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Existential Crisis Of Planning

Posted on July 30, 2003 and read 6,925 times

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At a conference on planning in Boca Raton, Florida, early last month, advertising star Jeff Goodby said something that the advertising world may see, but refuse to acknowledge: advertising account planners are floundering.

The profession of advertising account planning is in deep crisis, Goodby said, which could lead to its ultimate irrelevancy.

He told of an internal survey at its company, Omnicom Group’s Goodby, Silverstein & Partners, which found deep doubts as to the efficacy of planners. Goodby also presented several ideas for the hapless planners, including to rely less on focus groups, to be less confrontational, and to be more direct, using milestones. “Guide, don’t judge,” he urged. He also suggested they change the name of the discipline.

But his suggestions do not go far enough to save planning, which is suffering from no less than an existential crisis.

Cosmetic results

Everybody agrees that planning is essential, yet its future form is murky.

In the British advertising industry, planning developed in a structured manner, over time. But elsewhere its adoption as a concept was too hasty, resulting in a product that was more cosmetic in nature, at the expense of practicality. In Israel too, research units were turned into planning units.

It was a convenient solution for the ad agencies, to build planning on the backbone of research.

And while changing their moniker from research to planning is not devoid of significance, in practice the new units’ contribution is not obvious. The best example is found at the various advertising competitions around the world, most notably in Cannes, where it is all but impossible to see any mark of strategic planning in the winning offerings.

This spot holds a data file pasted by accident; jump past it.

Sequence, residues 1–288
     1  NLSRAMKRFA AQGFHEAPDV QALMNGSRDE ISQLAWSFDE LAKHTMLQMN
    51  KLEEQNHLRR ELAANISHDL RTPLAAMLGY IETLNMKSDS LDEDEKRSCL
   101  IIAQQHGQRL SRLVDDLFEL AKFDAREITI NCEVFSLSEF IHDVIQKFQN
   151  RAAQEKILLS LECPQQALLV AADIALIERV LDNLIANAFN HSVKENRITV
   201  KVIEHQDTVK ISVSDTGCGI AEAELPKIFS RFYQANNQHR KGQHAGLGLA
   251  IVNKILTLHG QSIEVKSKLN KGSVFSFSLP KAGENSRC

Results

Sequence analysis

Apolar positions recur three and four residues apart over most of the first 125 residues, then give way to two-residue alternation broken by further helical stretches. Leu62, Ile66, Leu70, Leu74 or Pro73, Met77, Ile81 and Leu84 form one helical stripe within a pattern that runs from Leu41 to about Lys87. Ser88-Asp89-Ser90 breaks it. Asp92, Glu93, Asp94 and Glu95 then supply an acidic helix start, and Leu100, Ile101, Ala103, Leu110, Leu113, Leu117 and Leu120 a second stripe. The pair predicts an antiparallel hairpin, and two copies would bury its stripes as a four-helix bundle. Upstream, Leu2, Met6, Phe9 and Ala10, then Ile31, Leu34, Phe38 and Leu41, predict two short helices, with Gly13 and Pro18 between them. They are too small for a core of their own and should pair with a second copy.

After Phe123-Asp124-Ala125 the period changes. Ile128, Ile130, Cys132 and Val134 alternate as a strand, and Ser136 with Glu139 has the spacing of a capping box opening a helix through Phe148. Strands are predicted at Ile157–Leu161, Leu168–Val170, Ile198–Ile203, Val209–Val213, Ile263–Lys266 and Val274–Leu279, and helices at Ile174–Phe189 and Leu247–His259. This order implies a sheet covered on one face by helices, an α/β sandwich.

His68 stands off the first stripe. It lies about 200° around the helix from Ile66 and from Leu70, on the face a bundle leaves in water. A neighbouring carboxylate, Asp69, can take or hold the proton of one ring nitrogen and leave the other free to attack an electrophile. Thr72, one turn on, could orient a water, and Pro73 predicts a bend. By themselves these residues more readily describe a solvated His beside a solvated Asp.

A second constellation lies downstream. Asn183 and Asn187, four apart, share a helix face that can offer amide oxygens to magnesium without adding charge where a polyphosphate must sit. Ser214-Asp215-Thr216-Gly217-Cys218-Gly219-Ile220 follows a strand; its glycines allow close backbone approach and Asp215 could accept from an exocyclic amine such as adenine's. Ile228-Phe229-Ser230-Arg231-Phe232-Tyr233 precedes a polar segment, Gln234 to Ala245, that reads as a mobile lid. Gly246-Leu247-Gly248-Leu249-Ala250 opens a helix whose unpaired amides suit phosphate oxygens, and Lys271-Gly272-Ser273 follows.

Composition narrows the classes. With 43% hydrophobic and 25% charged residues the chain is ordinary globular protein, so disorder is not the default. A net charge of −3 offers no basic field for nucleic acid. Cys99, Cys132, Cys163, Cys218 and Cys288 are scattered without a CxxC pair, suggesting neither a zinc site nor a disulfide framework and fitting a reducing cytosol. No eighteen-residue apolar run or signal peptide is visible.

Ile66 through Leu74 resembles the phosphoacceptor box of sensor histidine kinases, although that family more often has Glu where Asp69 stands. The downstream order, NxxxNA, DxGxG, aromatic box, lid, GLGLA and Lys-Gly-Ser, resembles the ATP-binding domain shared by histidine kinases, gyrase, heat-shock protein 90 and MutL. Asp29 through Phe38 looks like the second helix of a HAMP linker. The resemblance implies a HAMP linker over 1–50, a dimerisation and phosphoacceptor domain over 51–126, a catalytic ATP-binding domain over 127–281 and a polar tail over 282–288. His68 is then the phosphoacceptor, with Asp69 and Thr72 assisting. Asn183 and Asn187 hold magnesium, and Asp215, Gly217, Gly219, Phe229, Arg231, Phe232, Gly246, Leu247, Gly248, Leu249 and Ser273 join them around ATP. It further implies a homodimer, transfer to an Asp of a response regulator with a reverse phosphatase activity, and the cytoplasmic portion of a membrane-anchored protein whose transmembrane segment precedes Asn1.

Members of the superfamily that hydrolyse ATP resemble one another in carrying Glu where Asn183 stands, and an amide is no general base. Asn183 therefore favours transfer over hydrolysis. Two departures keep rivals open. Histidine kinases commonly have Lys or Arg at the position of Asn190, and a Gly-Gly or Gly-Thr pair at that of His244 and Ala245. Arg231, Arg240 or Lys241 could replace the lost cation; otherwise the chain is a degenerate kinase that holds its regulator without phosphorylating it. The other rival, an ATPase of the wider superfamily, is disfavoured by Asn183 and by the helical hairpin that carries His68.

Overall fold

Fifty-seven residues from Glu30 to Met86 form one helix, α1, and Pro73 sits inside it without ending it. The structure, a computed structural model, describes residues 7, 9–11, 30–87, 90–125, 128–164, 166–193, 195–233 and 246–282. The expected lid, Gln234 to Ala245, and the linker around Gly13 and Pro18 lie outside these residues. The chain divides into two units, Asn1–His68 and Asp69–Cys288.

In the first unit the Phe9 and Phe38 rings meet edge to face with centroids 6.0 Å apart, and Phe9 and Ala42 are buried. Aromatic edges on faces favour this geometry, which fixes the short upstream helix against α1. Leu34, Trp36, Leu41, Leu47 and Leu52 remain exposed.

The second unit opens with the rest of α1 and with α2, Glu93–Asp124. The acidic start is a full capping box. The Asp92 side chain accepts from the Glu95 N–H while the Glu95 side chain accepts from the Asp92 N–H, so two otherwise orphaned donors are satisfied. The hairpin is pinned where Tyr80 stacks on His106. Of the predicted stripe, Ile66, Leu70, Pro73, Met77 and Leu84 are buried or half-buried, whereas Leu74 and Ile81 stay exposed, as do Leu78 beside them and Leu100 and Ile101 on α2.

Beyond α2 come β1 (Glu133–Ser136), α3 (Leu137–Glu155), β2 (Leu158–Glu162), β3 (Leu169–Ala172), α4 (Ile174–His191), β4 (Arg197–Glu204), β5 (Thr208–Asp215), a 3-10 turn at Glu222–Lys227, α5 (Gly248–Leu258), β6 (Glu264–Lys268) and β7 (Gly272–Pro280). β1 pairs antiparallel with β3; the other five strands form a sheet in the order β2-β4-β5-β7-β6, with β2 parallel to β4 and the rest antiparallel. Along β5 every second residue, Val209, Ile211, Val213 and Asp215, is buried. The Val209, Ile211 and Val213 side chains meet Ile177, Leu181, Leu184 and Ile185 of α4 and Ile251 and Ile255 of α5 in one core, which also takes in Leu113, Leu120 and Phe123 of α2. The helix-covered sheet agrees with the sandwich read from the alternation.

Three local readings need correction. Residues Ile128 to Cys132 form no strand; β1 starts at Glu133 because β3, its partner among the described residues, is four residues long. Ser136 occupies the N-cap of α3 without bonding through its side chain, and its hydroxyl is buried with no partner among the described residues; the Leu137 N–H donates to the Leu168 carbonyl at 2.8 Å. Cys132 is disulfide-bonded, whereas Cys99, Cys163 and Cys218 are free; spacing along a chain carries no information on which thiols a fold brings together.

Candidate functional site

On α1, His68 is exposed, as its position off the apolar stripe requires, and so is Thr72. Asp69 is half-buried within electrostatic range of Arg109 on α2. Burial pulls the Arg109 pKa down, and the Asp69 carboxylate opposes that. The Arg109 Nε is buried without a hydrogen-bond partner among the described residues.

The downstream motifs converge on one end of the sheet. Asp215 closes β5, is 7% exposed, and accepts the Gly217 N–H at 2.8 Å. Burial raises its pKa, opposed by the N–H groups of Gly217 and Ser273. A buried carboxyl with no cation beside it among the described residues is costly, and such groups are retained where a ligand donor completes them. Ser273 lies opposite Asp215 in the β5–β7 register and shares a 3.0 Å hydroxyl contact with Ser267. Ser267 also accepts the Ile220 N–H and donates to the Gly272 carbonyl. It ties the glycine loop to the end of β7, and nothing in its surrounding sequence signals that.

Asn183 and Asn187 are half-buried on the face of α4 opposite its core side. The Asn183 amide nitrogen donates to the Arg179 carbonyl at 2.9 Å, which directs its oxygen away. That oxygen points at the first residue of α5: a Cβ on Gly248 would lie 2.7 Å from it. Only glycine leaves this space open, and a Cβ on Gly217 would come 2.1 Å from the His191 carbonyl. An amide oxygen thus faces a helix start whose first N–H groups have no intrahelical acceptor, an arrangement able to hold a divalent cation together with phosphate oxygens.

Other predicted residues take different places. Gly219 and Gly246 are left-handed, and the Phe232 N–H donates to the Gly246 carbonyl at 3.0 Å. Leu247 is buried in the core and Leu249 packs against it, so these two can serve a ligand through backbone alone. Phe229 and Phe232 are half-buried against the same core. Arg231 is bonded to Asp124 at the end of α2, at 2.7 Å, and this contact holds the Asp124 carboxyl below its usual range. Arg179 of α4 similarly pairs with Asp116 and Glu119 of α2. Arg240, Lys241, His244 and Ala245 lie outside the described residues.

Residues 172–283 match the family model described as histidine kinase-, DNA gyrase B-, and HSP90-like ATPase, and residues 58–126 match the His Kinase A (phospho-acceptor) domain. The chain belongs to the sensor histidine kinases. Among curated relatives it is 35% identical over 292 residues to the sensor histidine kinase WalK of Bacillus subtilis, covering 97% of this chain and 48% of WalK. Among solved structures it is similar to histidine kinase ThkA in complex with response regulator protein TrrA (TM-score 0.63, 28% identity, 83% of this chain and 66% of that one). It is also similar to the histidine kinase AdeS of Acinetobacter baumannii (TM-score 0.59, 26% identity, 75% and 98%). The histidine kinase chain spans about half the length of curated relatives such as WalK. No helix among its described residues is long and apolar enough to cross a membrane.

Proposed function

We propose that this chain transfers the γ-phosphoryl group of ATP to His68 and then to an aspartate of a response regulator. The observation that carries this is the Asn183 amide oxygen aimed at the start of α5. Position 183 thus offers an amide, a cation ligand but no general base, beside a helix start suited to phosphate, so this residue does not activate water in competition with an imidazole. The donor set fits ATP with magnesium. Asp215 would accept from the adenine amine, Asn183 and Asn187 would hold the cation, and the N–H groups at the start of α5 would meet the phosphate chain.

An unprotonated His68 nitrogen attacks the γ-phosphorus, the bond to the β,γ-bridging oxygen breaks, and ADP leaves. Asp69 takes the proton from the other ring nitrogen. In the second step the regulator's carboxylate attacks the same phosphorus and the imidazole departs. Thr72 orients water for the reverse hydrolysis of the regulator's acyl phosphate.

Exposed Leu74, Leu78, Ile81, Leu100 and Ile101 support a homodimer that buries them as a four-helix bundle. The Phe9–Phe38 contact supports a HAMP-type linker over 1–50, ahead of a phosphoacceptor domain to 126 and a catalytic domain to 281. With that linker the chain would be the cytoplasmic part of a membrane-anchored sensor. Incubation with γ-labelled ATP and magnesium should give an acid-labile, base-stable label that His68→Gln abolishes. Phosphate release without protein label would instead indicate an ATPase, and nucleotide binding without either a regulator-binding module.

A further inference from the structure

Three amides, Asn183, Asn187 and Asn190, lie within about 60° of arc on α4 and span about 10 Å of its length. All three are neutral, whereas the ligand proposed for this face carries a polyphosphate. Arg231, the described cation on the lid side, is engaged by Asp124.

If they do not offer advertising strategies relying on surprising insights, or the kind that create a new perspective on the product, the planning units become a mere rubber stamp of the customer, leaving the agency’s creative staff without tools.

The result can be dissonance among the creative people. On the one hand, they take strategy seriously. Yet they are forced to contend with strategic clichés that do not help one whit. In such cases, not only does the functioning of the creative department fail to improve; it can even find itself impaired because of the status of the planning department, which is capable of throwing out a creative product based on cold yet groundless analysis.

Reintroducing the creative to planning

Two central problems hamper the discipline, leaving aside from the sudden shift from research to planning.

One lies in general methodology. There is a vast methodological gap between fundamentals methods originating from research, and the key goals of planning. The resultant methodology is not goal-oriented, and cannot enable quality results to be consistently achieved.

In fact, the process of creating an advertising strategy based on the existing model is creative, not cognitive, which leads to the second key problem undermining the whole school of planning: that the characteristics planners are required to have, are the wrong ones. Today planners are chosen based on experience in strategy, research, and marketing, not on creative skills. Consequently, one can hardly expect planners to help the creative people, given their absence of creative sensitivity and perspective.

In the immediate term, the discipline’s name should probably be changed, as Goodby suggests. I believe “creative planning” would capture the change that the discipline so urgently needs in order to obtain its relevance, and reorient its goals.


Kobi Barki is an advertising consultant to companies in Israel and Europe. In addition to those responsibilities he has contributed to TheMarker.com for the past three years and is an Israeli affiliate of TheStreet.com. This year Mr.Barki began teaching a new course titled “creative planning” at Bezalel Academy of Art & Design in Jerusalem.






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